Calculate and Optimize

Web Page Carbon Footprint

A carbon emission calculator that takes into account the power consumption of device and server during browsing a web page.

See the paper

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How It Works?

This calculator allows you to continuously analyze your web page in 4 steps.



Enter the URL, estimate monthly pageviews and first/returning visit ratio of the web page you want to analyze and click the ‘Calculate’ button.



The calculator fetches the data from the entered URL, applies various audits, calculates the page load size and calculates the energy consumption depending on the server location of the web page served.



The calculator tool then generates a report that includes the carbon footprint in terms of kg CO2, the amount of trees needed to offset the carbon footprint, and a list of recommendations to optimize the web page using Google Lighthouse metrics.



You can then take action and apply the recommended changes and optimizations to reduce the carbon footprint of the web page using the given documentation links.


Open Source

This complete project is open source and licensed under MIT License. Feel free to make contributions, send pull requests or fork the current project.

github See on GitHubil1

Details and Metrics

The calculator reports are based on various metrics, see details of these processes and the assumptions we made while designing this tool.

The user inputs their domain name into the calculator and the web application will generate a report on the carbon emission of the website depending on the data transfer size and website efficiency. The report will include a set of recommendations on how to reduce the carbon footprint of the website.This calculator will also tell you the amount of trees you should plant to offset your website's carbon footprint.

For more details, see the academic paper.

Depending on data from CarbonFund taking the average CO2 per kilowatt hour of 0.371 kg per kWh (this value will be changed depending on the country of origin of the users and servers)

Depending on the research by ENCON EU,

In summary, it can be concluded that the annual CO2 offsetting rate varies from 21.77 kg CO2/tree to 31.5 kg CO2/tree. To compensate for 1 tonne of CO2, 31 to 46 trees are needed. In Europe, there are 300 to 500 trees per hectare. For calculating the figures on the Encon website, we assume a rate of 24 kg CO2/tree and an average of 500 trees per hectare. This means that 1 hectare of forest: 500 trees x 24 kg CO2/tree = 12,000 kg of CO2 offsets, i.e. 12 tonnes CO2/hectare.

As an average, this application will assume one tree annual CO2 offsetting rate as 24 kg.

Carbon emission per kb downloaded;

In a 2021 published visual calculation notebook by Chris Adams with energy consumption numbers taken from Shift Project's Lean ICT report concludes that downloading 1 mb of data on average emits 0.866 g of CO2. Note that this number is only the transfer of data between servers, CDNs and user devices, and does not include the user device’s energy consumption to consume this data in terms of consuming content and scrolling through a website.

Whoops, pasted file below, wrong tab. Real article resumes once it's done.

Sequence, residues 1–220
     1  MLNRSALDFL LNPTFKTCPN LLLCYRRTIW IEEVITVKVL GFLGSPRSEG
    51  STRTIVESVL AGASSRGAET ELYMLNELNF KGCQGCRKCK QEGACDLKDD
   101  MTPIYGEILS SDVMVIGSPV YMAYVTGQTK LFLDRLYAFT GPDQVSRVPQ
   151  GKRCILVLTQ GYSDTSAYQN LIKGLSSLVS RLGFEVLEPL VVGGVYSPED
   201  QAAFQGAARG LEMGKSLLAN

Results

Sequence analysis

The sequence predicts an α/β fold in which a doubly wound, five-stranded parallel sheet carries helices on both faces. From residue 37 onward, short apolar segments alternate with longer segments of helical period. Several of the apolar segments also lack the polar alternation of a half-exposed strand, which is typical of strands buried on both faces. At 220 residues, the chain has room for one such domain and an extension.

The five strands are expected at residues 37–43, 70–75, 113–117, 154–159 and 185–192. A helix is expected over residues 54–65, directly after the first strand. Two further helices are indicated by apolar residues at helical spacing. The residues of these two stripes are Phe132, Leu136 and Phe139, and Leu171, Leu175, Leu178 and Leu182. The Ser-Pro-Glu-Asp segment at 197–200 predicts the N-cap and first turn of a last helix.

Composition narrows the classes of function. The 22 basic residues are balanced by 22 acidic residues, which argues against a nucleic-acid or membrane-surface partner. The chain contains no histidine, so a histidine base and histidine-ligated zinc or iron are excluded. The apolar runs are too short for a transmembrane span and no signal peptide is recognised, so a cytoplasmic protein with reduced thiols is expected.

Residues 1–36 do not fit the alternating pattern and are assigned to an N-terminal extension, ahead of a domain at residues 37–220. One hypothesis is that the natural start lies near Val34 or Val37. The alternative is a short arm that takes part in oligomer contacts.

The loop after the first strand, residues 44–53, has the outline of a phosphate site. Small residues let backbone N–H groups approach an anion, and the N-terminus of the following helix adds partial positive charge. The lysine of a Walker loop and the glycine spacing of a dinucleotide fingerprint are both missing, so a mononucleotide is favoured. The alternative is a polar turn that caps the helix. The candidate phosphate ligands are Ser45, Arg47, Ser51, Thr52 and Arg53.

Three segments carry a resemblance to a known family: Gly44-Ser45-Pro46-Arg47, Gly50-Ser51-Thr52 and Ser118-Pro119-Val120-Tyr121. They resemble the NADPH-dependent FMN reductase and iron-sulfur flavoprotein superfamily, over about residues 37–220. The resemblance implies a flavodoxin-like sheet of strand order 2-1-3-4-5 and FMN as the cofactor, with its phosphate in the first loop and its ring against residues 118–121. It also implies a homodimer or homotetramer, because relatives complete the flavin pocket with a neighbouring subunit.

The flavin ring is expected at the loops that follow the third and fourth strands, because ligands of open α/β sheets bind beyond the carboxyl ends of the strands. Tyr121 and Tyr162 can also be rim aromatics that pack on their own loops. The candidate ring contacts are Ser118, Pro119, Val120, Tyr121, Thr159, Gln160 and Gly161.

Since our calculations will be in kb, we will accept the kB data transfer as 0.866/1024 = 0.000845703125 g CO2 per kb.

Carbon emission during Web browsing per minute;

Depending on a paper called An Analysis of Power Consumption in a Smartphone in the section about Web Browsing;

Web browsing average power over WiFi and GPRS. Aggregate power consumption is 352.8 mW for WiFi, and 429.0 mW for GPRS, excluding backlight 410.2 mW. The benchmark was trace-based, and ran for a total of 490 seconds.

If we accept that half of users will use WiFi and other half celular, in total an average smart device would consume ((352.8 + 429.0) / 2 + 410.2) / (490/60) = 98.1 mW of energy per minute.

Since most of the energy consumption happens during the page load and idle browsing of a website does not consume as significant of an energy as data transfer energy consumption. We will accept the average session duration as one minute and won’t give an option to the user of the tool to change it. 98.1 mW of energy per page load on a device.

In conclusion, 0.371 * (98.1 / 1000000) = 0.002183706 g CO2 emitted per page load and browse.

For more details, see the academic paper.

The following is a list of some of the recommendations that the calculator offers.

• Optimize the total blocking time (TBT) of the web page by reducing the number of JavaScript and CSS files, and optimizing the size of these files.

• Reduce the amount of JavaScript code with minification and tree-shaking algorithms.

• Reduce the size of images used on the page.

• Optimize the largest contentful paint (LCP) of the web page by reducing the number of images and videos.

• Optimize the JavaScript execution time of the web page by reducing the size of the JavaScript code.

• Optimize the speed index (SI) of the web page by reducing the amount of JavaScript and CSS code.

• Reduce the cumulative layout shift (CLS) of the web page by optimizing the size of images and videos.

• Optimize the initial server response time of the web page by optimizing the server configuration.

• Implement lazy image loading on the web page to reduce the amount of data transferred.

• Implement text compression to reduce the amount of data transferred.

• Optimize the DOM size of the web page by optimizing the size of HTML, CSS, and JavaScript code.

• Avoid using document.write on the web page.

For more details, see the academic paper.

Do you have feedback?

This project is still in beta stage. You can give feedback and detail your problems by creating a new issue in this Github repository.